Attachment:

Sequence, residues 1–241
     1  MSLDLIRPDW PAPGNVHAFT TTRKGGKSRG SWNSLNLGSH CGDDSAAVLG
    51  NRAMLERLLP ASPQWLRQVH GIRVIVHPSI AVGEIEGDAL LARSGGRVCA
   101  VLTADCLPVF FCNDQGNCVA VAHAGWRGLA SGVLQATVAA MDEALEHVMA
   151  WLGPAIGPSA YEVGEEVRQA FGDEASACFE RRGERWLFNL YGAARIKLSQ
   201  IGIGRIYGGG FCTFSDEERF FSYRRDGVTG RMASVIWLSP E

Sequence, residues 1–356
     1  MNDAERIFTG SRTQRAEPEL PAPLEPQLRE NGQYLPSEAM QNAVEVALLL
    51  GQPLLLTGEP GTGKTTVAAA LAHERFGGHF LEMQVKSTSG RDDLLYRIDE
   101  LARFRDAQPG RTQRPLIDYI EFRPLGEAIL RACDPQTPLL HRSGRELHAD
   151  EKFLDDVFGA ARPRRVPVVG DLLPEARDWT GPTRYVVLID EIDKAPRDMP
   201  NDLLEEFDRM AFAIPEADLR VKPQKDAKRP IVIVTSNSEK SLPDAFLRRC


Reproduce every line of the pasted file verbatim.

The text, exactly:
Sequence, residues 1–241
     1  MSLDLIRPDW PAPGNVHAFT TTRKGGKSRG SWNSLNLGSH CGDDSAAVLG
    51  NRAMLERLLP ASPQWLRQVH GIRVIVHPSI AVGEIEGDAL LARSGGRVCA
   101  VLTADCLPVF FCNDQGNCVA VAHAGWRGLA SGVLQATVAA MDEALEHVMA
   151  WLGPAIGPSA YEVGEEVRQA FGDEASACFE RRGERWLFNL YGAARIKLSQ
   201  IGIGRIYGGG FCTFSDEERF FSYRRDGVTG RMASVIWLSP E

Sequence, residues 1–356
     1  MNDAERIFTG SRTQRAEPEL PAPLEPQLRE NGQYLPSEAM QNAVEVALLL
    51  GQPLLLTGEP GTGKTTVAAA LAHERFGGHF LEMQVKSTSG RDDLLYRIDE
   101  LARFRDAQPG RTQRPLIDYI EFRPLGEAIL RACDPQTPLL HRSGRELHAD
   151  EKFLDDVFGA ARPRRVPVVG DLLPEARDWT GPTRYVVLID EIDKAPRDMP
   201  NDLLEEFDRM AFAIPEADLR VKPQKDAKRP IVIVTSNSEK SLPDAFLRRC